Nats keep hit pa­rade go­ing, belt five homers

NA­TION­ALS 14, REDS 4 Mur­phy goes deep twice as Washington rolls

The Washington Post - - SPORTS - BY JORGE CASTILLO

cincin­nati — Most teams don’t en­joy the lux­ury of grant­ing a day off to an all-star first base­man who stands in the top 10 in base­ball in bat­ting av­er­age and slug­ging per­cent­age with­out feel­ing the ef­fects, es­pe­cially with three other ev­ery­day play­ers on the dis­abled list.

But most teams don’t pos­sess the fire­power the Washington Na­tion­als un­leash on an ev­ery­day ba­sis. Most teams don’t em­ploy three other po­ten­tial MVP can­di­dates in the mid­dle of the or­der, and most teams don’t have a backup ca­pa­ble of step­ping right in and mash­ing.

So Ryan Zim­mer­man’s ab­sence from the lineup Sunday af­ter­noon at Great American Ball Park went un­no­ticed dur­ing Washington’s 14-4 thrash­ing of the Cincin­nati Reds. With­out him and four other reg­u­lars in the lineup, the Na­tion­als (55-36) chased Reds starter Homer Bai­ley af­ter four-plus in­nings, stock­piled 17 hits and cracked five home runs to se­cure their third straight win out of the all-star break.

“If you’re on my team, every­body plays,” Na­tion­als Man­ager Dusty Baker said. “We ex­pect them to do the job, which they are, and we had a big of­fen­sive pro­duc­tion to­day.”

Daniel Mur­phy smacked two of the homers, fol­low­ing Bryce Harper’s two-homer per­for­mance Fri­day and An­thony Ren­don’s two blasts Satur­day. It was the third time in fran­chise his­tory that the Na­tion­als have had three in­di­vid­ual multi-home run per­for­mances over three straight games — and the first time with three dif­fer­ent play­ers.

Adam Lind, start­ing in place of Zim­mer­man, also par­tic­i­pated in the home run flurry, wel­com­ing re­liever Ariel Her­nan­dez in the fifth in­ning with a two-run shot shortly af­ter Mur­phy belted a three-run homer. Ren­don added his third in two days in the seventh in­ning, tuck­ing a blast

just in­side the left field foul pole against for­mer Na­tional Drew Storen. Three bat­ters later, Jose Lo­ba­ton, start­ing for catcher Matt Wi­eters, who was given the stan­dard day-game-af­ter-night-game breather, crushed a tworun home run to cen­ter field. The three-run in­ning gave Washington its 17th dou­ble-digit run game of the sea­son, two more than any other team in base­ball.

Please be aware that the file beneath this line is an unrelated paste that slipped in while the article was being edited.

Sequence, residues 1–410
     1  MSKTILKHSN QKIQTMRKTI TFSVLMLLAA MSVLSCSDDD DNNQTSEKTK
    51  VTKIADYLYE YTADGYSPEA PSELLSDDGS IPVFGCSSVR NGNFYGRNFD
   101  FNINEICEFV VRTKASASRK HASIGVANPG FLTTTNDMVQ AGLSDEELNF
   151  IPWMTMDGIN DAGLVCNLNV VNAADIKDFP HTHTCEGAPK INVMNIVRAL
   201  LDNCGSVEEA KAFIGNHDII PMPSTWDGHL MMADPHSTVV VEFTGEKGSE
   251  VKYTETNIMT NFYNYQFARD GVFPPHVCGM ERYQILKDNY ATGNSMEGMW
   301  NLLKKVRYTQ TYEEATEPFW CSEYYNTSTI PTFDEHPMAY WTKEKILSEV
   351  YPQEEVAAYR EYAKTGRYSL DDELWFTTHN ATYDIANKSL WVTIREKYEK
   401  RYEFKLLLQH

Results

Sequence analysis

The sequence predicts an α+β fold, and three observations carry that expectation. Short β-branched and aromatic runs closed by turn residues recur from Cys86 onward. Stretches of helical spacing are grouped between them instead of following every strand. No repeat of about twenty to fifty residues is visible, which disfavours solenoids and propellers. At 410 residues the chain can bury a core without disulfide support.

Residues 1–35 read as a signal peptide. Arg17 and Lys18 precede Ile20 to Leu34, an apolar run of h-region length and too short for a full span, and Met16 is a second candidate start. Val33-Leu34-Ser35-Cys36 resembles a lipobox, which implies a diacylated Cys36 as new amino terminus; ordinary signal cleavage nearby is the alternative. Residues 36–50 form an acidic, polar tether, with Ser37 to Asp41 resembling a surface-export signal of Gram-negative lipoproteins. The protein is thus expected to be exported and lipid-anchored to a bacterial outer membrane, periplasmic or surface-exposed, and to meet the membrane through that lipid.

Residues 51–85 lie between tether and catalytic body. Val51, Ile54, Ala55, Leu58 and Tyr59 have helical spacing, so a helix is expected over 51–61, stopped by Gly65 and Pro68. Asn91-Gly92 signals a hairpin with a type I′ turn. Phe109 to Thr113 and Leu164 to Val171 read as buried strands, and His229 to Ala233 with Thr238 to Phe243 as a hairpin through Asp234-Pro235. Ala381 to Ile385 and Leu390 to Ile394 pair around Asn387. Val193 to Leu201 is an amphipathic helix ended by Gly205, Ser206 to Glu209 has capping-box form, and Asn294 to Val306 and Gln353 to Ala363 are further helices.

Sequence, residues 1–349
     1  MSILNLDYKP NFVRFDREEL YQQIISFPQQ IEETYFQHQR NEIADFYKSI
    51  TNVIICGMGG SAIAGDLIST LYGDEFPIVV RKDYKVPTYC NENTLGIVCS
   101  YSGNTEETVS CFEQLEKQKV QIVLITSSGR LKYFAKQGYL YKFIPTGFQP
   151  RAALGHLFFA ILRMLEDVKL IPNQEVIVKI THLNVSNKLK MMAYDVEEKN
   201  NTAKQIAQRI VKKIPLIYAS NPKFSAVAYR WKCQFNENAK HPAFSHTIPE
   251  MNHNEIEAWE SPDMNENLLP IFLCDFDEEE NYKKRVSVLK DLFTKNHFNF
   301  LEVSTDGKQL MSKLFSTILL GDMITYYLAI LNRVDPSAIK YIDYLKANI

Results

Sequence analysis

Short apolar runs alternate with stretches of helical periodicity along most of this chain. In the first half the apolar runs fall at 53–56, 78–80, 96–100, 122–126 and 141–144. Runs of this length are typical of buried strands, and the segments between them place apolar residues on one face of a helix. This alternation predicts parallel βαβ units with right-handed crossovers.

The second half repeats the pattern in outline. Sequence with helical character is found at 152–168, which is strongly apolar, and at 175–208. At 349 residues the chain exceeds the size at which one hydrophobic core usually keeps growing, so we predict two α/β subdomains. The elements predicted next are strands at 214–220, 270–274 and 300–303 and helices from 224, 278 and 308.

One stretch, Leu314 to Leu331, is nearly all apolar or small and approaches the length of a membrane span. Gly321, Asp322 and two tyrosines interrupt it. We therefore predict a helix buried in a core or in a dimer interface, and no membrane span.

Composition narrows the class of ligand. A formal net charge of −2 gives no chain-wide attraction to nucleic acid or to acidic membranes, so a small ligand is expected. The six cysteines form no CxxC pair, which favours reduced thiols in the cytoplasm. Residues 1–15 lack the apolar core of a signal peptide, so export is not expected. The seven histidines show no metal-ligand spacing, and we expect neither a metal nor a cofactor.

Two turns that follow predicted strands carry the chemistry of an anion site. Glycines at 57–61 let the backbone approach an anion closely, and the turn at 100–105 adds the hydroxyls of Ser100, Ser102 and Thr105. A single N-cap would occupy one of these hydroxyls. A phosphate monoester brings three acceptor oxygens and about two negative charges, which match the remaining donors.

“It’s just a tes­ta­ment to our of­fense grind­ing out at-bats,” Mur­phy said.

Tan­ner Roark rode the sup­port for six in­nings, al­low­ing three un­earned runs on four hits, right­ing the ship af­ter en­ter­ing with an 8.78 ERA over his pre­vi­ous six out­ings. The right-han­der over­came a rocky first in­ning to re­tire the side in or­der in the sec­ond. Then a strange episode cost him two runs in the third. Bai­ley led off and struck out on three pitches, and the third pitch was a curve­ball down out of the strike zone that Lo­ba­ton ap­peared to catch be­fore it hit the ground. Home plate um­pire Tim Tim­mons ruled it as such, so Lo­ba­ton threw the ball to third base to ini­ti­ate the around-the-horn rou­tine.

But Bai­ley dashed for first base think­ing the ball hit the ground, which would have re­quired Lo­ba­ton to throw to first base to re­tire him. And first base um­pire James Hoye agreed with Bai­ley, over­turn­ing the home plate um­pire’s call. As a re­sult, Bai­ley reached safely, tech­ni­cally on an er­ror by Lo­ba­ton, which was charged to him five in­nings later fol­low­ing mass con­fu­sion on how to score it. Baker emerged to discuss the rul­ing with Tim­mons, but the play wasn’t re­view­able, per rules. So he walked away per­plexed with­out a change.

“Strange play, but it worked out for them,” Roark said. “What­ever.”

The mix-up im­me­di­ately plagued Roark. Billy Hamil­ton fol­lowed with a single. Jesse Winker then walked. Two bat­ters later, Wilmer Difo booted a po­ten­tial in­ning-end­ing dou­ble play ground­ball off Adam Du­vall’s bat as Bai­ley scored. Hamil­ton then scored the Reds’ sec­ond run on Scooter Gen­nett’s ground­out be­fore Roark es­caped.

The Reds (39-52) added an­other un­earned run in the fifth in­ning — fol­low­ing a rare er­ror by Ren­don at third base — but that was all against Roark. The right-han­der ended his day with a nifty play, charg­ing a swing­ing bunt from pinch hit­ter Aris­mendy Al­can­tara and throw­ing him out af­ter toss­ing his 101st pitch. Roark, whose pre­vi­ous out­ing was five in­nings of re­lief, hadn’t al­lowed three or fewer runs over at least six in­nings since May 29.

“I just told him to start his sea­son all over,” Baker said. “He’s 1- 0 in the sec­ond half, and hope­fully he can build off that.”

This time, a day af­ter a de­ba­cle nearly erad­i­cated a 10-run lead, anx­i­ety was evaded in the late in­nings. With Sean Doolit­tle and Ryan Mad­son on their way from Oak­land to bol­ster the be­lea­guered re­lief corps, Enny Romero, Joe Blan­ton and Trevor Gott com­bined to al­low one run and pre­serve an­other gi­gan­tic lead, one cre­ated with per­haps the most pow­er­ful de­pleted lineup in base­ball.

DAVID KOHL/USA TO­DAY SPORTS

Daniel Mur­phy, left, cel­e­brates his first home run Sunday with An­thony Ren­don and Wilmer Difo.

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